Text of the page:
How to take up the old carpet and go back to floor boards DIY tips

What's under your carpet? If your house was built in the 30s or before, probably a good wooden floor........

Back to wood 
Before ripping up the carpet check a corner by pulling  a bit up. You can always put it down again if you are disappointed, but my guess is you will be thrilled with what you find,  real wooden floor boards. 

They may need a bit of cleaning, some paint to remove around the edges because it dates back to the olden days before fitted carpets when folks used to paint around the edge of the rug or carpet that sat in the middle of the room.

Don't be put of if it needs cleaning, 

Providing the floor hasn't got woodworm, too many damaged floor boards or very wide gaps between the floor boards (unlikely, cowboy builders were almost unknown in olden days) it's not a difficult job and I have included a few painter's and decorator's tips.

First you will need to remove the old dusty carpet (one real benefit is its healthier, no dust mites and much easier to clean up spills, Red wine, Curry.....)

Taking up the old carpet.


No need to clear the room of furniture and clutter at this stage. Using a sharp Stanley knife cut the carpet and underlay into strips, start the end furthest from the door and as you pull up the strips move your furniture and clutter onto the clear floor and work through the room.

The strips of carpet will be light enough to handle, good idea if you can to shove them straight out of the window, nearer to the skip.

Cleaning and preparing the floor boards.


Providing you are happy with the colour and they haven't been varnished, you won't need to use a sanding machine, so won't have to clear your clutter from the room.


If you haven't already done so you will need to remove the strips of spiky metal used to hold the carpet, use a chisel and hammer to lever them off. Be careful not to mark the floor boards and skirting boards.

Stripping the paint from the floor boards.


Floor stripper or other products that are ammonia-free, fast acting and detergent-enhanced (allowing the chemicals to strip efficiently without harming the floor) are good product choices. Quality strippers will also be easy to use and won't require use of abrasive pads or brushes. They will have a high solid content for increased protection of the floor surface. Nitromore or a similar paint stripper also works well. READ THE LABEL.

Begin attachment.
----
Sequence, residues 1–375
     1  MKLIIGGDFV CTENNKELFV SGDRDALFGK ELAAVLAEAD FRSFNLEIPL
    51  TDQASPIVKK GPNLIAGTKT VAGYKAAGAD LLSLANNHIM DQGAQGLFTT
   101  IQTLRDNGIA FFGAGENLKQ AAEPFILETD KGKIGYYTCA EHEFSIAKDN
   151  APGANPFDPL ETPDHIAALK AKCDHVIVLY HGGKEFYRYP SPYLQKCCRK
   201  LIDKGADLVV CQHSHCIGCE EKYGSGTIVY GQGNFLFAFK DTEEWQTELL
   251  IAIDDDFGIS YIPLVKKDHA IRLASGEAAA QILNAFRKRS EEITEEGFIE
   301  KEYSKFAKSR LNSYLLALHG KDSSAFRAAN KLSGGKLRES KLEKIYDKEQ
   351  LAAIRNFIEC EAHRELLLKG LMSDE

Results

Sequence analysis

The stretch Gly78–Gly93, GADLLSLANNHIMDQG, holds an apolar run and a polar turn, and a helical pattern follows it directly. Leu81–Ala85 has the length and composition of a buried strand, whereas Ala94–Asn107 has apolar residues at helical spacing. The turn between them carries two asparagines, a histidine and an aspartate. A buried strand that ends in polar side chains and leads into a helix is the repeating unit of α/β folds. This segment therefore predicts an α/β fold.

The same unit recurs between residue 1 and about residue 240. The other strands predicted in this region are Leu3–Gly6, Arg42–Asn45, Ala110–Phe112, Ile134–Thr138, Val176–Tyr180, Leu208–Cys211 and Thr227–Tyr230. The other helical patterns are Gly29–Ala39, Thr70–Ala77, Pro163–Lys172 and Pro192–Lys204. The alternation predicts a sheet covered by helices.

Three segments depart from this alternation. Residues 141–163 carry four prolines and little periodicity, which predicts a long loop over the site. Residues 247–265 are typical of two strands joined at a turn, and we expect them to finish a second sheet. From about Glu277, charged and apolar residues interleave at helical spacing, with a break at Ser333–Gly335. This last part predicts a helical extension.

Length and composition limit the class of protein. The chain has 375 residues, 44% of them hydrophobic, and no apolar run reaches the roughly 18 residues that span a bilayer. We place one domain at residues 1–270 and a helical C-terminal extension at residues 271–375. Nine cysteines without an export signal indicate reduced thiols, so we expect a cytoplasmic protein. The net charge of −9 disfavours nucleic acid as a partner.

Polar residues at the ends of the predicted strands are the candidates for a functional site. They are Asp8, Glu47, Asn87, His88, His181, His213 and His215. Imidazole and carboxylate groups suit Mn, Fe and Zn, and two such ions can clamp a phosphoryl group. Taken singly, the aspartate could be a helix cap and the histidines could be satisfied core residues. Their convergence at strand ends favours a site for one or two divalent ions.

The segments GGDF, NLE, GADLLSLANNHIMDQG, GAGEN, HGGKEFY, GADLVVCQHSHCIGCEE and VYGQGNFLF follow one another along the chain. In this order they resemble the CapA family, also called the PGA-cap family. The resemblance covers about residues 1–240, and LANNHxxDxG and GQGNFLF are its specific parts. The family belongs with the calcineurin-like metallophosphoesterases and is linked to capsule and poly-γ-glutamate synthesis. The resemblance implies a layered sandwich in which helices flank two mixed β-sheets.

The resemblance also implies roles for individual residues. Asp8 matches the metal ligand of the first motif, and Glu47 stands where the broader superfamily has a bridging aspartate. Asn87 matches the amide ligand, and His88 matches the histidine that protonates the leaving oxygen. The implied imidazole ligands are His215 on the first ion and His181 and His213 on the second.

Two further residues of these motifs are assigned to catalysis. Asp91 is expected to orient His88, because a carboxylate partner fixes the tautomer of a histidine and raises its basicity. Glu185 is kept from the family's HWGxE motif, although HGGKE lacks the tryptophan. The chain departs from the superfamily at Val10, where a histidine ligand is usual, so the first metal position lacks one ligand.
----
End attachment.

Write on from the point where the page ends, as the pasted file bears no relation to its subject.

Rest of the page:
Cleaning the floorboards.


There are too many floor detergent and cleaners to list, look for a product that is low foaming and a general detergent that may be used in automatic scrubbers, with a neutral pH level that will remove dirt and protect the polish, but once you have loosened any stubborn build up of dirt, washing up liquid works as well as most. 

Be careful not to flood the floor, water is woods worse enemy. Read the instructions on the container, but in general apply with a sponge mop and mop up excess detergent and water. Rinse with clean, warm water to remove all residues since any detergent film remaining will cause stickiness and trap dirt.

Polishing your floorboards.


Once the floor is  cleaned, apply a light coat of polish to restore its lustre. Most polishes contain high-performance acrylics and a high solid percentage. High solids allow for easy application, and good leveling and buffing results, and dry bright without buffing. For best results read the label for tips on applying the wood floor polish.

Looking after your new Board Floor.


Old wood flooring is very durable, but needs a bit of care. A light daily sweeping, dust mopping or vacuuming will prevent dirt and grit from being ground into the floor and a light weekly clean with a damp mop should be enough to remove all the dirt.  Buffing over will remove most scuff marks and light scratches and add lustre while dislodging dirt and blending touch-up spots.
  
If you like what you see, you've finished,   BUT!!   if not, move to the next step.

Badly marked, chipped varnish or you don't like the colour of your floor boards.


The floor can be returned it to its original beauty. It seems a major job and is a messy dusty job, but if you have the time, refurbishing your floor can be done yourself in about four days,  

Remove everything including the furniture, rugs, clutter etc. Also remove the skirting boards. Save them to  put  back on when you are finished sanding.

Check the floor for  protruding nails and loose or squeaky floor boards.  The nails can be tapped in or pulled out. Loose floor boards should be screwed tight. Make sure you screw next to the original nails to ensure you screw into a joist and not a water pipe.

Use a drum sander with coarse sandpaper to remove the original finish, sanding with the grain, overlapping areas you have already sanded on each pass. Use a finer grade of sandpaper to finish off. You will need a floor edger for nearer the walls and on stairs and a hand sander for corners.
 
Clean the floor of any dirt or sawdust with a vacuum cleaner. Once the floor is smooth and free of debris put on one layer of penetrating sealer, you can normally apply the second coat 24 hours later and wax or polish a few days later, but once again read the maker's instructions as wood polishes and waxes vary. 

 Now finish the job on your new Board Floor by replacing the skirting boards.